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Research shows Slovaks take stricter approach to judging Romani people than to judging Hungarians - or themselves

11.11.2015 19:06
The flag of the Slovak Republic. Photo:  Archiv
The flag of the Slovak Republic. Photo: Archiv

News server Denní reports that a team of Slovak scholars, led by sociologist Andrej Findor from Comenius University, have conducted research to ascertain how respondents assess the commission of a misdemeanor depending on whether it is committed by an ethnic Hungarian, Roma or Slovak. Compared to the other groups, it is absolutely clear that respondents assess Romani people most strictly.

Participants were asked to read a story about a man working under the table whose family is on welfare. They were then asked to evaluate the situation more closely to determine who was responsible for the situation and why.

In the case of the story about the Romani family, most respondents assessed responsibility for the situation as being the result of a flaw in the characters of the Romani people themselves, while in the case of the Hungarian and Slovak families they blamed impersonal factors such as high unemployment, unfavorable circumstances, etc. "We ascertained that Slovaks morally judge the same actions more strictly and punish them more strictly when they are performed by Romani people than when they are perpetrated by Hungarians or Slovaks. This double standard is closely related to stereotypes about Romani people, which are more negative than the stereotypes held about Hungarians and Slovaks," Findor told Denní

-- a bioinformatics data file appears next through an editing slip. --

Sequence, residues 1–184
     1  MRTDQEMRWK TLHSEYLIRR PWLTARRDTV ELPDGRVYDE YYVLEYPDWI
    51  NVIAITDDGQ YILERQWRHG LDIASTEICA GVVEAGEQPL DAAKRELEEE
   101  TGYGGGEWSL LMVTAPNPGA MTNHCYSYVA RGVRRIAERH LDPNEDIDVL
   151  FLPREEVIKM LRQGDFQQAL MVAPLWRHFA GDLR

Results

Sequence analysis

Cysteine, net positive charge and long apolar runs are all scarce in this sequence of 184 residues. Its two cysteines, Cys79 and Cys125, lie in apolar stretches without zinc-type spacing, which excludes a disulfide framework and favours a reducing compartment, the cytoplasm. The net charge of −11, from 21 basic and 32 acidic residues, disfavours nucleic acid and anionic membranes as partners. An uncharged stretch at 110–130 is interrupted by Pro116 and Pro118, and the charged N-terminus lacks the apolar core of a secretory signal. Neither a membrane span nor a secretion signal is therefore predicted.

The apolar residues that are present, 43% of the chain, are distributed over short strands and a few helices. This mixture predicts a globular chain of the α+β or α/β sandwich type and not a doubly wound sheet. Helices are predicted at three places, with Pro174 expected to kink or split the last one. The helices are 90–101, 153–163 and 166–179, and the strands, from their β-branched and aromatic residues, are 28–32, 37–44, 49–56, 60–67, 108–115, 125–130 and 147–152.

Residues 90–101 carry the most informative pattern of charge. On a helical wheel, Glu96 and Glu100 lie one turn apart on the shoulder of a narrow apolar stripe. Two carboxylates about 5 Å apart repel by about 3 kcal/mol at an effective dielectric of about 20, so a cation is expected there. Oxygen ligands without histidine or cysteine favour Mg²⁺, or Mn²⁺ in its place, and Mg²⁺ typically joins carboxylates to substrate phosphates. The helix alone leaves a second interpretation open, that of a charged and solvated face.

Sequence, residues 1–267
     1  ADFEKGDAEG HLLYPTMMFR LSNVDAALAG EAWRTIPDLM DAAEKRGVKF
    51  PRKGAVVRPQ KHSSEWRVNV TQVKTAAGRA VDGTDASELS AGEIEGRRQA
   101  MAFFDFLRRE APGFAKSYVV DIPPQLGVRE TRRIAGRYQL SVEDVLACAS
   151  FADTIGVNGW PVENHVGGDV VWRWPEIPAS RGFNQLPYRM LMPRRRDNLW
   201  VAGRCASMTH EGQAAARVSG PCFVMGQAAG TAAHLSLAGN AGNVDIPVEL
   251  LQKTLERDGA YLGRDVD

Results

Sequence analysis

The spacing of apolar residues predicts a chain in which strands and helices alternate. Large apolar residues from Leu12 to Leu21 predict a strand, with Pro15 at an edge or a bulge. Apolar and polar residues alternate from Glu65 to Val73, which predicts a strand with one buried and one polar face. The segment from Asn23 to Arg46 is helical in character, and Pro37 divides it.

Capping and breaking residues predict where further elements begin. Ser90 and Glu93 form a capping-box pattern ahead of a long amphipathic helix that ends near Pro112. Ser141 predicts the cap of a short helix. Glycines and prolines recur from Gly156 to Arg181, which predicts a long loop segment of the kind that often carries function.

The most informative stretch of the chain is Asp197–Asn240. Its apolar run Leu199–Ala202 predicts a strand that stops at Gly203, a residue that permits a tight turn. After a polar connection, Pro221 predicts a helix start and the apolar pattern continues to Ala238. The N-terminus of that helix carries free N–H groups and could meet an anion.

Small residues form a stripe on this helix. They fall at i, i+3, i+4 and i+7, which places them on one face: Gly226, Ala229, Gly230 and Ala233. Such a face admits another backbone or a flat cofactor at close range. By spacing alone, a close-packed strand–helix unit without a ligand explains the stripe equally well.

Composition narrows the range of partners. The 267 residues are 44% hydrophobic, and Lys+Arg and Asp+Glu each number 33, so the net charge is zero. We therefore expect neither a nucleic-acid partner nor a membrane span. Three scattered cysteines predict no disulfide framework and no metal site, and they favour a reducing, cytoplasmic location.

The scholars explain this disproportion by saying that we approach those with whom we ourselves identify (e.g., those of our same ethnicity/nationality) more indulgently. We are usually much more critical and less tolerant of people whom we perceive as less similar to "us".    

voj, translated by Gwendolyn Albert
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